Ran 4K 1985 JAPANESE
Ran 4K 1985 JAPANESE

Ran 4K 1985 JAPANESE

Producer:
Akira Kurosawa
Cast:
Tatsuya Nakadai, Akira Terao, Jinpachi Nezu, Daisuke Ryû, Mieko Harada, Yoshiko Miyazaki, Hisashi Igawa, Pîtâ, Masayuki Yui, Kazuo Katô, Norio Matsui, Toshiya Ito, Kenji Kodama, Takashi Watanabe, Mansai Nomura, Takeshi Katô, Jun Tazaki, Hitoshi Ueki.
IMDB 8.2
File Size: 65.45 GB
Film Description
Japan, 16th century. The aging ruler of Hidetora announces the division of his possessions between his three sons.

Deceived by false assurances of loyalty to the two eldest sons of Hidetora, he drives away the younger, who dared to assert that his father's decision would bring death to their entire family. Having become a victim of an insidious betrayal, the ruler loses his mind, and a merciless fratricidal war begins between his heirs.

4k movies reviews
Ran is by far one of Akira Kurosawa's finest films. For ten years, the great master of cinema has thought over every scene of this, without exaggeration, epoch-making samurai drama. Especially for the film, an analogue of a medieval castle was built (set in fire), more than a thousand costumes were made, two hundred trained horses were involved. Kurosawa wanted to make a truly large-scale film, and he succeeded.

“It’s easy to break one arrow, but it’s not so easy to break three together. (from)

So thought Ichimonji Hidetoru, the ruthless feudal lord of the bloody Sengoku era, when he passed the reins of government over his lands to his three sons, led by the eldest son of Taro. But samurai brought up in cruelty are not capable of feeling love for their own father, only flattery in their mouths, and in their eyes - a thirst for power. Only the youngest son Saburo, retaining loyalty to his father, is trying to open his eyes to the recklessness of the idea of ​​transferring power. But Hidetoru hears only envy in the words of his younger son and renounces him. This film is an interpretation of Shakespeare's "King Lear", transposed into the realities of the feudal era of Japan. Kurosawa is truly a brilliant director who knows how to subtly weave the legends of other peoples into the unique and unlikely culture of his native country.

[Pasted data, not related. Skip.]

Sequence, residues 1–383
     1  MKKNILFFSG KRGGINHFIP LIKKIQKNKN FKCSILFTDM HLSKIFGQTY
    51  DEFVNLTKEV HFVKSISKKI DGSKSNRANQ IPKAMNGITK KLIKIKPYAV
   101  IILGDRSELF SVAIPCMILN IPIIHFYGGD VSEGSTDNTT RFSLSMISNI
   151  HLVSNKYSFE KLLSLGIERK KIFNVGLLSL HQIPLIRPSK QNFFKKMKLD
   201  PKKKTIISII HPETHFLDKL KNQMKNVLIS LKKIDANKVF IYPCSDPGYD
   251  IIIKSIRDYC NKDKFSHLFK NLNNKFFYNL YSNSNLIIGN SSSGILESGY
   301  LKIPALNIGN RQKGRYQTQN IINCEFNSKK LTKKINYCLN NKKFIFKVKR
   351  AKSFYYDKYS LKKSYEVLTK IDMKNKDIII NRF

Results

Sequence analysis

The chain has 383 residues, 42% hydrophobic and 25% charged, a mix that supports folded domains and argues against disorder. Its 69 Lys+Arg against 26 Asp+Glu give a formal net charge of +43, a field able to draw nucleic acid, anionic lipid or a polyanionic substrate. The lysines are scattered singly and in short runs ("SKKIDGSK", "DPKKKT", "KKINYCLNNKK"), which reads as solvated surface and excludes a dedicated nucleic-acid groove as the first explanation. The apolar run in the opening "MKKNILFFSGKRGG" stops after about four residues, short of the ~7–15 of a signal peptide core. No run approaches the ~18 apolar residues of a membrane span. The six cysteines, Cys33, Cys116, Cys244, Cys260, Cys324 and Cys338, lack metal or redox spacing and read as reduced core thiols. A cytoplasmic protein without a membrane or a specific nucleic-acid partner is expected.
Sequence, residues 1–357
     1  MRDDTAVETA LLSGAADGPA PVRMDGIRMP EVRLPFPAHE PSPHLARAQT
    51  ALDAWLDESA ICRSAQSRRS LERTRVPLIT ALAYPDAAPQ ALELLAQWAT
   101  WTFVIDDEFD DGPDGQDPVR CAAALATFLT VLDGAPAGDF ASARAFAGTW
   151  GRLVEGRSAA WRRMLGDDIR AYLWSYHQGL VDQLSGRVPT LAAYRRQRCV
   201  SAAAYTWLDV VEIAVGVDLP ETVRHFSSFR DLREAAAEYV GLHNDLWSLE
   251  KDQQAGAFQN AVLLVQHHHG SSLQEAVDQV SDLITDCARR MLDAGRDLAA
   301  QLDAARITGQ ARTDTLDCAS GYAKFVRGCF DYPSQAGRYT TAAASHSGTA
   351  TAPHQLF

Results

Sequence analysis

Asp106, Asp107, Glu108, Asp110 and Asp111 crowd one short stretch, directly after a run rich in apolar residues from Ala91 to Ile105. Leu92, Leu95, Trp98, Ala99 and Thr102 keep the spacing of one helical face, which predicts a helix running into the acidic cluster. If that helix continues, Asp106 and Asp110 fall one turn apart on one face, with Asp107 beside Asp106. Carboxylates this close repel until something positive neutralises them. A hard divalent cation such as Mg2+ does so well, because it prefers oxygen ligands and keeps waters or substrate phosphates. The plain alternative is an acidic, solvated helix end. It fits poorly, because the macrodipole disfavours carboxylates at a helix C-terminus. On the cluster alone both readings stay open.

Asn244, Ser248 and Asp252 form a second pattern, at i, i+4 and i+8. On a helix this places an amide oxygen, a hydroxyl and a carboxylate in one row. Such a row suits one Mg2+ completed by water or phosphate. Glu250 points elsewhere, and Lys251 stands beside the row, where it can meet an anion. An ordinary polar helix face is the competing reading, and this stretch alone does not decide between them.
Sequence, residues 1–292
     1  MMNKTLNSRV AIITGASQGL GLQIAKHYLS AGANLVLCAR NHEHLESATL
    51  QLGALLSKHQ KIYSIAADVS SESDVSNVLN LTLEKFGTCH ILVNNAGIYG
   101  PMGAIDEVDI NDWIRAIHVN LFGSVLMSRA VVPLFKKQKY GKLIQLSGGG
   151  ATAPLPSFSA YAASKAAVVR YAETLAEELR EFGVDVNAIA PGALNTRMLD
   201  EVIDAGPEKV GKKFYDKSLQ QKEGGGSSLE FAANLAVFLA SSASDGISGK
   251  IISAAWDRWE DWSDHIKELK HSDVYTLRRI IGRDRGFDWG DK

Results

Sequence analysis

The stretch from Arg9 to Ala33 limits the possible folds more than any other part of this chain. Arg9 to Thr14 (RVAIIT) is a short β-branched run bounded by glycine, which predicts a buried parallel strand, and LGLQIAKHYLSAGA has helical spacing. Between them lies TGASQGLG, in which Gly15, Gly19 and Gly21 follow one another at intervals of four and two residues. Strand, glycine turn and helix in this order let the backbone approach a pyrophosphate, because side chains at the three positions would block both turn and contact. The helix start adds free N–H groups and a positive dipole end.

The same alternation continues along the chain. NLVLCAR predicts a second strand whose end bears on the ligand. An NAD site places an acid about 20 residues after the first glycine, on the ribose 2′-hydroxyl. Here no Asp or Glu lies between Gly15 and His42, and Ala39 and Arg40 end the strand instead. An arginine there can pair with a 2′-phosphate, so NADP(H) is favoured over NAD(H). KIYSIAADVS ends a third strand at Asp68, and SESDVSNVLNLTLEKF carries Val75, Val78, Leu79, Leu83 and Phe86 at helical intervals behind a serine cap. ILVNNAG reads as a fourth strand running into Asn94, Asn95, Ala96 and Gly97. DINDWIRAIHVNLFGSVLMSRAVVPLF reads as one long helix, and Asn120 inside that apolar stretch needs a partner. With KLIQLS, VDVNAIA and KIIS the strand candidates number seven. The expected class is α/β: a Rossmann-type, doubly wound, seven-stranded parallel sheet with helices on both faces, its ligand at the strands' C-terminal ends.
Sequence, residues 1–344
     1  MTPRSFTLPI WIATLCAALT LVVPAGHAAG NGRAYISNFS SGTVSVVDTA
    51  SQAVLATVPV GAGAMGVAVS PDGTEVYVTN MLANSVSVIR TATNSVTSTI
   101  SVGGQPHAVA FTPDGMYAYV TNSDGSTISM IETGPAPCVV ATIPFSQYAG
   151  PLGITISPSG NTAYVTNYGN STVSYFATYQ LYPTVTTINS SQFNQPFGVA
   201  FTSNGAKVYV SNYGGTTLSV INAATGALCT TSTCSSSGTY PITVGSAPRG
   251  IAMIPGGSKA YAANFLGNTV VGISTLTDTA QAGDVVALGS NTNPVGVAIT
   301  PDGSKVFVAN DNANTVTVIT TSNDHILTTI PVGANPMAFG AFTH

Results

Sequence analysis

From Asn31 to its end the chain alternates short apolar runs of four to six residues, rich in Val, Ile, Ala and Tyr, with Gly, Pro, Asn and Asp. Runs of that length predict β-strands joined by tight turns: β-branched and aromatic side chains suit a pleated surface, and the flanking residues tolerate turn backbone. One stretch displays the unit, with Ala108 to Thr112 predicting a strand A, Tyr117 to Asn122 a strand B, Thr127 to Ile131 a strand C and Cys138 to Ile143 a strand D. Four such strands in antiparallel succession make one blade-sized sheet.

“In a crazy world, only a madman is sane. (from)

One of the main features of the film is the unsurpassed acting. The leading actor Tatsuya Nakadai is especially magnificent. His role is a vivid example of how you need to surrender on the set, going through the entire story path with your hero. This piercing wild look of a distraught Hidetoru causes goosebumps on the viewer's skin. Confidently and brightly, Nakadai moved in this role from a decisive samurai, through an offended father, and to a complete madman. Yes, yes, exactly "perfect", because his mental clouding is one of the most striking in the history of cinema. Other actors also hold their ground, and this is probably the merit of a skillful director who knows exactly what he wants to see in his film.

- A real warrior never flees from the battlefield to his woman! (from)

Two girls, whose parents were once killed by the cruel Hidetoru, like two drops of completely different liquid, are similar in shape but completely different in nature. Kaede, the wife of the eldest son, has been carrying hatred for the Ichimonji family all her life, which became her family, but did not replace her own. Kaede is cruel and power-hungry, she alternately crushes the will of the brothers fighting for power in the provinces. No wonder one of the generals of the middle brother Jiro compares this woman with Kitsune (a werewolf fox), because she plans to taste a cold dish of revenge, plunging everything around into chaos. The exact opposite of her is the wife of her middle brother, a quiet girl named Sue. Years killed her hatred for her bloody father-in-law, and faith in the all-forgiving Buddha strengthened her fortitude. These two images are introduced by Kurosawa as antipodes, a demonstration of the difference in the characters of people who have experienced the same grief.